Schizophrenia has a genetic component. While schizophrenia occurs in only 1% of the general population, it occurs in 10% of people with a first-degree relative (parent, sibling) with the disorder. The risk is highest if an identical twin has schizophrenia. It is also more common in people with a second-degree relative (aunts, uncles, cousins, grandparents) with the disorder.
Many people with schizophrenia do not appear ill. However, many behavioral changes will cause the person to seem 'off' as the disease progresses. Symptoms include:
- Social withdrawal
- Paranoid feelings or feelings of persecution
- Loss of appetite or neglecting to eat
- Loss of hygiene
Symptoms may also be grouped into categories, discussed in the following slides.
The "positive," or overtly psychotic, symptoms are symptoms not seen in healthy people, include:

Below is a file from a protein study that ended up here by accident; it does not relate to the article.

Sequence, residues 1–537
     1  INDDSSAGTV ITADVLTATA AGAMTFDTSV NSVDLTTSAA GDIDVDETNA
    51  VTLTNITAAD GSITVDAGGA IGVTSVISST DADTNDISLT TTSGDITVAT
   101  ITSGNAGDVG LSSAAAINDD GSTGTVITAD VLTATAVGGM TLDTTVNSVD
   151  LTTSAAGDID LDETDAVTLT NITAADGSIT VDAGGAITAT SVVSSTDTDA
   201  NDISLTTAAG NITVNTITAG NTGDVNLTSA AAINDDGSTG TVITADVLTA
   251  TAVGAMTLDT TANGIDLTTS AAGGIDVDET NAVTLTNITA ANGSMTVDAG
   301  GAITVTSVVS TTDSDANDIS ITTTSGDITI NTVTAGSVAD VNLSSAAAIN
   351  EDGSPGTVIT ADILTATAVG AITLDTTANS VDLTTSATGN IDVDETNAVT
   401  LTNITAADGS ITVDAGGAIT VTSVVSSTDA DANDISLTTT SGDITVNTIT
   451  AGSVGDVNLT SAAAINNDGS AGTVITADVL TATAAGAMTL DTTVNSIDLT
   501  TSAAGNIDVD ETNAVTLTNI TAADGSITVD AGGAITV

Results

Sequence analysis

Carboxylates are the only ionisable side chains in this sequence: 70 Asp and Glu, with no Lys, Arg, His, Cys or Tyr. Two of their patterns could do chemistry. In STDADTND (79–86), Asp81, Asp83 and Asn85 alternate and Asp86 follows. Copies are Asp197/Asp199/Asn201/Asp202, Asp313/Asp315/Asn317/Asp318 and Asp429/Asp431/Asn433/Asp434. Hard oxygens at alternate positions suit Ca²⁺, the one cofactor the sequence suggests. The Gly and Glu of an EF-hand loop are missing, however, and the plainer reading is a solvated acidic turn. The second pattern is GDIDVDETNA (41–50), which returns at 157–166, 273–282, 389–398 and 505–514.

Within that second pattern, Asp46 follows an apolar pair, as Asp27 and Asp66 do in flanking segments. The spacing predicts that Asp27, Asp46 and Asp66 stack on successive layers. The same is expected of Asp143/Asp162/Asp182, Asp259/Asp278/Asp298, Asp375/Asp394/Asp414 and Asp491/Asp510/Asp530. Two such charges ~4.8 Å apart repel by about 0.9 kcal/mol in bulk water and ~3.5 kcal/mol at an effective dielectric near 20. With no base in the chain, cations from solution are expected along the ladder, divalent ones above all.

- Disorganized speech or behavior
- Dysfunctional thinking
- Catatonia or other movement disorders
"Negative" symptoms disrupt normal emotions and behaviors and include:
- Social withdrawal
- "Flat affect," dull or monotonous speech, and lack of facial expression
- Difficulty expressing emotions
- Lack of self-care
- Inability to feel pleasure (anhedonia)
Cognitive symptoms may be most difficult to detect and these include:
- Inability to process information and make decisions
- Difficulty focusing or paying attention
- Problems with memory or learning new tasks
Affective symptoms refer to those which affect mood. Patients with schizophrenia often have overlapping depression and may have suicidal thoughts or behaviors.